746 West Adams Boulevard


  • Built circa 1887, if not before, on part of Lot 1 in Block 22 of Hancock's Survey. The .863-acre parcel was sold by Sarah E. Bartlett to Caroline M. Seymour in June 1886; it is unclear as to whether the house, which Miss Seymour would live in until 1939, was built by her or a predecessor 
  • Caroline M. Seymour, known as Carrie, was the niece of Caroline M. Seymour Severance, who had been living on a 10-acre orange grove adjacent to Miss Seymour's acquisition since 1875. Miss Seymour had been living several blocks east at 243 West Adams with her father, James O. Seymour, and her brother Orson since 1878. After Scotland-born Mrs. Seymour died on April 11, 1887—she was Carrie and Orson's stepmother—James and Orson moved into 746 West Adams with Carrie
  • In 1886, Mrs. Severance and her husband T.C. began to develop their 10 acres at 806 West Adams; in the process, a large lot carved from it between the Seymours' 746 and the Severances' 806 was given to the Severances' son Mark Sibley Severance, who built 758 West Adams in 1888, a much grander house than the flanking cottages of the Seymours and the Severances; Sib, as he was known in the family, sold 758 out of the fold in 1902

Mere glimpses of 746 survive. Los Angeles landscape photographer Lemuel S. Ellis captured the front
yard of the Seymour property, seen at top, in 1890. The roof of 746 is also seen in a street view
taken in front of the Charles Capen house at 818 West Adams Street, out of view to the
right. Mark Sibley Severance's 758 West Adams is at right in this frame; the roof
of the Seymours' 746 West Adams is seen near center. Behind the low
wall ran a zanja, an open ditch that brought water south
from the Los Angeles River via Figueroa Street
to supplement wells and windmills in
the early days before mains.

  • James O. Seymour died at 746 West Adams on March 31, 1902. Carrie and Orson, who was also unmarried, remained in the house. Orson died there on July 7, 1912
  • Caroline Seymour was always in charge of the house; she would be making additions and improvements to it even into her 80s, well after she became the sole occupant of 746. A small addition was made in the summer of 1904; a room with a fireplace was added in 1920. Ten years later, another room was added to the west side of the house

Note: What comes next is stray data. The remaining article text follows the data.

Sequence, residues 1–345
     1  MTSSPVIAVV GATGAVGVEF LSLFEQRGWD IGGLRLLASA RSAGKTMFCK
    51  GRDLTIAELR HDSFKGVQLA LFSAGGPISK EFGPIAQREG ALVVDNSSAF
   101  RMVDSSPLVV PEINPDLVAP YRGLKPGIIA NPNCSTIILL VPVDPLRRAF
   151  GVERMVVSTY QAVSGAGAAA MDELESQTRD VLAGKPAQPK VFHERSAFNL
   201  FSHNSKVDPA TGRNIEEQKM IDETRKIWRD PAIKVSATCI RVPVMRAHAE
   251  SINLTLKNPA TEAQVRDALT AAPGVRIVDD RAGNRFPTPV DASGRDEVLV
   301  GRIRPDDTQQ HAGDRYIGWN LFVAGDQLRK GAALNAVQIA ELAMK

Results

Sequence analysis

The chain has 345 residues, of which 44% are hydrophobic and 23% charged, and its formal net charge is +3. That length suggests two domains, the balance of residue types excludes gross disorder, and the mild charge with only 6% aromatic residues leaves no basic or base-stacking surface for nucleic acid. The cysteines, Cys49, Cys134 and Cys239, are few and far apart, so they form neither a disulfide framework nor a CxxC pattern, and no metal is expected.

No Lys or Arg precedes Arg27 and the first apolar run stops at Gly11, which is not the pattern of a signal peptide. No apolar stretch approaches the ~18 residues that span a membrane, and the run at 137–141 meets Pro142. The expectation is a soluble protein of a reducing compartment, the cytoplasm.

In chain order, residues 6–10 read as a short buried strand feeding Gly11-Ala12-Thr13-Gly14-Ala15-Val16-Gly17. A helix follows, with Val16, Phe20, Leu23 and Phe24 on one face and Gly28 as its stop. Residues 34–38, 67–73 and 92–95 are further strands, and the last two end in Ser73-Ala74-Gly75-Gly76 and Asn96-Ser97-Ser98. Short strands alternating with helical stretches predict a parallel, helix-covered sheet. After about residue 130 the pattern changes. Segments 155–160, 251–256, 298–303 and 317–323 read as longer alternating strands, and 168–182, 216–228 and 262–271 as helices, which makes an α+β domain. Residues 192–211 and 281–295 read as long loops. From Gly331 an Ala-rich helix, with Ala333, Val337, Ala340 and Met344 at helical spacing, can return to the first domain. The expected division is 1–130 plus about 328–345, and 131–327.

• Caroline Seymour was listed at 746 West Adams in the Los Angeles city directory as late as the 1939 edition. By the next year, she was living in a boarding house at 921 West 30th Street. She died in Los Angeles on September 4, 1941

Caroline Seymour's 746 West Adams as depicted on an adaptation of a 1900 insurance map sits
between the original 734 West Adams—replaced with a much larger 734 by lumber and
utilities magnate William G. Kerckhoff in 1908—and the house her cousin
Mark Sibley Severance built at 758 West Adams Street in 1888.

  • Louise Kerckhoff of 734 West Adams next door died on July 18, 1946, leaving her house to the U.S.C. School of Medicine; the university also acquired the property at 746, apparently during the 1940s, after Carrie Seymour left to move to 30th Street. The house at 746 was demolished before the publication of the 1950 Sanborn insurance map
  • On January 11, 1962, the Times reported that the Los Angeles Child Guidance Clinic, which once occupied the home of Louise Kerckhoff's sister-in-law Mrs. Herman Kerckhoff at 1325 West Adams and was at the time housed at Children's Hospital, had signed a long-term lease for the lot at 746 West Adams with U.S.C. for $1 a year. On February 7, 1963, the Department of Building and Safety issued a permit for the construction of a new building there. The clinic moved in on July 23 and remained for over 30 years. The structure was designed by celebrated architect Robert J. Neutra and remains in place today as a Modernist counterpart to the 1906 Kerckhoff house next door

On the site of 746 West Adams today is Richard J. Neutra's Los Angeles Child Guidance Clinic, built
in 1963. Today it houses the Institute for Multimedia Literacy, a research unit of U.S.C.'s
School of Cinematic Arts. The view here is from the lawn of 734 West Adams.

Illustrations: Private Collection; LAPL; Lemuel S. Ellis